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Evo-devo questions

  • #1
I would appreciate some help explaining some things about evo-devo.
The way it's presented in class makes no sense at all.

I have desperately tried wikipedia but it just did NOT help in explaining anything.
Would appreciate some elucidation on my questions from the great physics forums...


So to start:
1. De Baer's law, explaining why embryos are similar in early development.
Please tell me if I'm right.
My explanation is that changes to embryos are likely to become large fundamental changes that are deleterious. As a result embryonic development is strongly conserved. For instance, a small change in embryonic physical features can just end up resulting in outright death.
However these are some of my classmate's responses... Are they necessarily right or better?
-Animals resemble one another in early development- as they develop they look more and more different (Wait, is this even a reason? Am I missing something here)
And also, what does morphological similarity have to do with this...? There are a few answers under the sub-heading of morph. similarity, but I don't exactly understand what that has to do with this.

2. Please explain to me the difference between, and what are hox genes and what are homeotic genes?
I understand that hox genes are always homeotic genes...?
But... so homeotic genes are a special type of gene... but exactly how do they perform what they do? And why are they special? The thing is, I don't know what other types of genes there are, so there's nothing that I've been told saying that not all genes are homeotic, or what genes homeotic genes even affect. I feel I've been given a very bare framework of knowledge.
So..... hox genes in: Yeast, animals...?

3. And what do transcription factors have to do with this? I know that they're proteins. I think they are produced by homeotic genes, and they bind to parts of DNA. Is that about it?
 
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Answers and Replies

  • #2
Ygggdrasil
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1. De Baer's law, explaining why embryos are similar in early development.
Please tell me if I'm right.
My explanation is that changes to embryos are likely to become large fundamental changes that are deleterious. As a result embryonic development is strongly conserved. For instance, a small change in embryonic physical features can just end up resulting in outright death.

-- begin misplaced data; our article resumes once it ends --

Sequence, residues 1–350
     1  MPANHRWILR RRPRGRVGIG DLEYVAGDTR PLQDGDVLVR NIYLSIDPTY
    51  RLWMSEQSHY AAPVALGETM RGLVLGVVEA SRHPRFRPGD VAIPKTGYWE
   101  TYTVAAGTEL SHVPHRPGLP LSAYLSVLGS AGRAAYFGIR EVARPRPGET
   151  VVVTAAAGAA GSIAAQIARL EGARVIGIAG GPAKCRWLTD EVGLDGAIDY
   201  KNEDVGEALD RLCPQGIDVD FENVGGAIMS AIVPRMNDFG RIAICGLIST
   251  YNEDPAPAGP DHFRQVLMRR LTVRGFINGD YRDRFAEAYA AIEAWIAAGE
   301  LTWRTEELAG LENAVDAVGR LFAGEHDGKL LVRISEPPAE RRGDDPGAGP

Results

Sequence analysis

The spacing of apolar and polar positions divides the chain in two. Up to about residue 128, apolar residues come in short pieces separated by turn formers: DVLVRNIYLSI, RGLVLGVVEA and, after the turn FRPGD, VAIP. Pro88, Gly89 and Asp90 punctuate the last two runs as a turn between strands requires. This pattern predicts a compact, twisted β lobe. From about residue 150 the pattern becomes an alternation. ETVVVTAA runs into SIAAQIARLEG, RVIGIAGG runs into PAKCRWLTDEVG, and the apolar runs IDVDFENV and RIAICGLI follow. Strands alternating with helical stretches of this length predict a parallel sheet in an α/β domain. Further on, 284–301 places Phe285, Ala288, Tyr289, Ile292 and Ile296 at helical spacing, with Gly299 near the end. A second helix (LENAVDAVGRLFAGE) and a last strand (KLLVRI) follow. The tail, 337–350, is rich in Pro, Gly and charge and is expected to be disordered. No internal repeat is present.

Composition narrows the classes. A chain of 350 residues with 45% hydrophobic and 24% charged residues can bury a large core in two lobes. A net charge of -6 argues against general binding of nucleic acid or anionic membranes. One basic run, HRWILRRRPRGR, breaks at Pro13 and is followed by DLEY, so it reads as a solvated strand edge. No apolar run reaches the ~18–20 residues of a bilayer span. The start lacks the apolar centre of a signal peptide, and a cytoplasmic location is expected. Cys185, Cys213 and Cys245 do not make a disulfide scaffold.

That seems like a decent answer. Think about changes in early embryonic development versus later embryonic development. Which are likely more likely to cause deleterious changes and which are more likely to cause changes with more limited effects.

2. Please explain to me the difference between, and what are hox genes and what are homeotic genes?
I understand that hox genes are always homeotic genes...?
That is correct.

But... so homeotic genes are a special type of gene... but exactly how do they perform what they do? And why are they special? The thing is, I don't know what other types of genes there are, so there's nothing that I've been told saying that not all genes are homeotic, or what genes homeotic genes even affect. I feel I've been given a very bare framework of knowledge.
Homeotic genes are defined by their function alone (regulating the development of anatomical structures), so identifying a gene as homeotic does not tell you about how it functions. For plenty of homeotic genes, we don't really understand in detail how they work.

3. And what do transcription factors have to do with this? I know that they're proteins. I think they are produced by homeotic genes, and they bind to parts of DNA. Is that about it?
Many homeotic genes encode transcription factors, but not all (I think...). There are also transcription factors that are not encoded by homeotic genes. Binding to DNA is an important property of transcription factors. What do transcription factors do when they bind to the DNA?
 
  • #3
Thanks a lot!
That was helpful.

Transcription factors alter the magnitude or either turn on or off genes, I know that... But the mechanism for what they do after that is a bit complicated.
 
  • #4
Ygggdrasil
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Transcription factors alter the magnitude or either turn on or off genes, I know that... But the mechanism for what they do after that is a bit complicated.
Yup. Many biologists will just think of transcription factors as things that turn genes on or off without thinking about the mechanism of how they work. The exact mechanisms involved are indeed quite complicated and, especially in eukaryotic cells, not well understood in many cases.
 
  • #5
Much appreciated.
 

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